FanPost

Answers to why the Lions have been unable to exercise discipline until now

Many of you out there are wondering why the Lions have waited until now to take action for an offseason out of control. The answer is simple, yet detailed. They were not allowed to. As per the the terms of the CBA, and I raided Tuff's well done May 29th article on this, Clubs are not allowed to punish players for issues of substance abuse. As I find the quote tool cumbersome, I'll just lay it out in seperate paragraphs after the jump.



ARTICLE 42 CLUB DISCIPLINE Section 6. NFL Drug and Steroid Policies: No Club may impose any discipline against a player, including but not limited to terminating the player’s Player Contract, as a result of that Player’s violation of the Policy on Anabolic Steroids and Related Sub-stances or the NFL Policy and Program on Substances of Abuse, or for failing any drug test, provided, however, that the fact that a player has violated the Policy on Anabolic Steroids and Related Substances or the NFL Policy and Program on Substances of Abuse, or has failed a drug test will not preclude the termination of his Player Contract if such termination is otherwise expressly permissible under this Agreement or the player’s Player Contract.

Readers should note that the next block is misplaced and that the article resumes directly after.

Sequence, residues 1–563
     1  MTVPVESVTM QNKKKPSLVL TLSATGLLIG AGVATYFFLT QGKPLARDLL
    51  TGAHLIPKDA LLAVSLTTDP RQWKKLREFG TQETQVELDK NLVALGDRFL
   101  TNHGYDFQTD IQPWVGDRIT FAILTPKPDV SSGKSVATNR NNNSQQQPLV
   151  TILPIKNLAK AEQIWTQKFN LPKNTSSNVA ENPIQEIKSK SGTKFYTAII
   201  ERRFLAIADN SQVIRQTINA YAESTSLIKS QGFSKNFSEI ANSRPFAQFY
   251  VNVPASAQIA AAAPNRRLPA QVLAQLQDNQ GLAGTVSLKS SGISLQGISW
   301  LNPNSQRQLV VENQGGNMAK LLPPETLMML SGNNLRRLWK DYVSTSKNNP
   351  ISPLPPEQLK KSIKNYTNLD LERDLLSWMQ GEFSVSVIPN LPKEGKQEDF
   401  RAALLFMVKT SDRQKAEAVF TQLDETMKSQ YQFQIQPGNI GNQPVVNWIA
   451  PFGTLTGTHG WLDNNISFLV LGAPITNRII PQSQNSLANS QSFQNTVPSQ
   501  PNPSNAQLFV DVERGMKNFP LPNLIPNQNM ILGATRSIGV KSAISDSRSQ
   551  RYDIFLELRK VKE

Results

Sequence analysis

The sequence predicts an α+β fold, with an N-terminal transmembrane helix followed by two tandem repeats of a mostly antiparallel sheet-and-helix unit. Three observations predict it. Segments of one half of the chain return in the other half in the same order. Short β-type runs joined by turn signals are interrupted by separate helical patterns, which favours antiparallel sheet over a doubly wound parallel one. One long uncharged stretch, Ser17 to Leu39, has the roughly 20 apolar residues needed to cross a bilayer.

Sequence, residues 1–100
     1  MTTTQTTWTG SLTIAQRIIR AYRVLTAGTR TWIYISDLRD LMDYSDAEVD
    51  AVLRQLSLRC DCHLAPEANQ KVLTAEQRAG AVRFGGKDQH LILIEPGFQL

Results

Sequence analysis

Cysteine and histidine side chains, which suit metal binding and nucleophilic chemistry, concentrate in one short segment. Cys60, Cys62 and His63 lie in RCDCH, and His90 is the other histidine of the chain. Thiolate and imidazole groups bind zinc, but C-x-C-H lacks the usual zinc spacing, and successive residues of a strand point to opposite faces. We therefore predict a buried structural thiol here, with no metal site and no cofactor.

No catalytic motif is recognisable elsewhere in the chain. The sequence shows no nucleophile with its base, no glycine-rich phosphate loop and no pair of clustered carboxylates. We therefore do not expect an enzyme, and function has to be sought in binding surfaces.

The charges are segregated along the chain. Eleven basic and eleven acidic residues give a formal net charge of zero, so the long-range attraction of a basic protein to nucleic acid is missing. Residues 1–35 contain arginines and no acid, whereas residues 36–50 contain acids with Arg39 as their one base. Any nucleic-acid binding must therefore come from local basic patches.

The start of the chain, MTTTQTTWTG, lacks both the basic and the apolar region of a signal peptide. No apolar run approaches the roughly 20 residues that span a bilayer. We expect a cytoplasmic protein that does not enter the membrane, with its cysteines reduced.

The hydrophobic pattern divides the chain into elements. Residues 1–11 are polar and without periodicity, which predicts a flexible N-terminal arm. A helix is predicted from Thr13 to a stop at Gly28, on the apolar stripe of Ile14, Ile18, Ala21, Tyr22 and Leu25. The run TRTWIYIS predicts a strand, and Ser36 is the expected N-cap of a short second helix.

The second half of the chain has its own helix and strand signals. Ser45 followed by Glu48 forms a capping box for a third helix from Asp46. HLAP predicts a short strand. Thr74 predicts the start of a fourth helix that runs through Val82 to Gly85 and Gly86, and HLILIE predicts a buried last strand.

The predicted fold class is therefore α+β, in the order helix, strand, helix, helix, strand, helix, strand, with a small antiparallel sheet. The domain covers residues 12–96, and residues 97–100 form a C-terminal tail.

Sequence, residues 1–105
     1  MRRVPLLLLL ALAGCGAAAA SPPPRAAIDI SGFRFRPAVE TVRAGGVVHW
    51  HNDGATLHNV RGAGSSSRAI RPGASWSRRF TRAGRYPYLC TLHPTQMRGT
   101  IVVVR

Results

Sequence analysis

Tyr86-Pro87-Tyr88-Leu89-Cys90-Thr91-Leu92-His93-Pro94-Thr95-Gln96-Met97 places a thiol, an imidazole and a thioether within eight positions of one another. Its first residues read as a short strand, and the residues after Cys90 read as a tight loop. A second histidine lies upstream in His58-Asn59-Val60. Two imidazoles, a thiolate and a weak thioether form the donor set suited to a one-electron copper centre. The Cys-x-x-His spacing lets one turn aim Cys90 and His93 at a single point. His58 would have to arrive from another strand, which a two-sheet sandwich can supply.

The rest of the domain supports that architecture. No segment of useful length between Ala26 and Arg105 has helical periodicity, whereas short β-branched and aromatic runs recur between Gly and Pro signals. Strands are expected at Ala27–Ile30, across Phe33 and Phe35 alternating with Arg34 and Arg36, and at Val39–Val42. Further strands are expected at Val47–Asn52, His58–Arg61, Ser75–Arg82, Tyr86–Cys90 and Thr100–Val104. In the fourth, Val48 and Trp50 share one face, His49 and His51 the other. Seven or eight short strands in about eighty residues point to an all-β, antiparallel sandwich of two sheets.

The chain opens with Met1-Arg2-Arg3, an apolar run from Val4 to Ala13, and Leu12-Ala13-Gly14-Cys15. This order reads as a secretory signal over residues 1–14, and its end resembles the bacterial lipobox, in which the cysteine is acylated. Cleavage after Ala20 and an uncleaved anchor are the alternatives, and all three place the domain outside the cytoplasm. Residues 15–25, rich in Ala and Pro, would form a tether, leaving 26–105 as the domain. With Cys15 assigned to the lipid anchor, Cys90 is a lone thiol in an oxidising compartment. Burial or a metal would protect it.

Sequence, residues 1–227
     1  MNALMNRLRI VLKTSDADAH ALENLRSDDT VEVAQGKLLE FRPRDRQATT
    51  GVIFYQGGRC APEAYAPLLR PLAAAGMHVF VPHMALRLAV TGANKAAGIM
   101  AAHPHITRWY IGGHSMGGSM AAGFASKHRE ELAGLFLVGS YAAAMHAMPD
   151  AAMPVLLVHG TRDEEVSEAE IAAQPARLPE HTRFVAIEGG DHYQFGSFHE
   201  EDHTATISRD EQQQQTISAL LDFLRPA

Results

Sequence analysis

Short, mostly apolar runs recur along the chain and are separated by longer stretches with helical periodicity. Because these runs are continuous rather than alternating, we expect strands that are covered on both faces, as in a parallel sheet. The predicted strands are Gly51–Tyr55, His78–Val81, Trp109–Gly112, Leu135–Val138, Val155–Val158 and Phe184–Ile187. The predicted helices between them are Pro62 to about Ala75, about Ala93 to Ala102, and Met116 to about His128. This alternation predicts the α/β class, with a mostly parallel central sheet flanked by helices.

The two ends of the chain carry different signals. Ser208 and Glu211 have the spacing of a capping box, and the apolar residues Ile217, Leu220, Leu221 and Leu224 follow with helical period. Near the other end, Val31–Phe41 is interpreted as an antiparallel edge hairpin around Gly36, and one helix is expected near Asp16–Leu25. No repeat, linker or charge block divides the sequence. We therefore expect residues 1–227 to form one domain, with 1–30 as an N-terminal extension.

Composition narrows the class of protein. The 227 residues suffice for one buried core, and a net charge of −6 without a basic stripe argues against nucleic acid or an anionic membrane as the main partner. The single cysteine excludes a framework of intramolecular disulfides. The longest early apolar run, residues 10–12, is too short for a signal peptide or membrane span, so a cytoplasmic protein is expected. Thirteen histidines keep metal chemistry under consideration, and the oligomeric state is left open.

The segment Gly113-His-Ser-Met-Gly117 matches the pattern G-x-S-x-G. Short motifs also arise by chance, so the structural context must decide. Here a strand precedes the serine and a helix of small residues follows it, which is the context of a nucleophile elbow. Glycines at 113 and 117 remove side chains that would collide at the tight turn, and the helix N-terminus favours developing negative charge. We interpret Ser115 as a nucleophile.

OVERVIEW OF THE POLICY AND PROGRAM FOR SUBSTANCES OF ABUSE WHAT IS COVERED BY THE POLICY? --The illegal use of drugs and the abuse of prescription drugs, over-the-counter drugs, and alcohol.

You can read the complete version, if you wish, on page 17 in adobe . This effectively ties the Lions hands regarding Marijuana, DUI's, DWI's, pretty much everything, takes it all right out of their hands as an organization. So now the organization gets to take heat for things they can't control. Today they struck back, but they could be in trouble for this too. Take this into consideration -

ARTICLE 42 CLUB DISCIPLINE Section 1. Maximum Discipline: (xv) Conduct detrimental to Club—maximum fine of an amount equal to one week’s salary and/or suspension without pay for a period not to exceed four (4) weeks. This maximum applies without limitation to any deactivation of a player in response to player conduct (other than a deactivation in response to a player’s on-field playing ability), and any such deactivation, even with pay, shall be considered discipline subject to the limits set forth in this section. The Non-Injury Grievance Arbitrator’s decision in Terrell Owens (Nov. 23, 2005) is thus expressly overruled as to any Club decision to deactivate a player in response to the player’s conduct.

In essence, if I'm reading this correctly, Berry has a legitimate grievance for his release, as the maximum amout the Lions, as a NFL Club are allowed to impose, is a four week suspension without pay. We very well may not have heard the end of this yet.

This is a FanPost and does not necessarily reflect the views of Pride Of Detroit or its writers.

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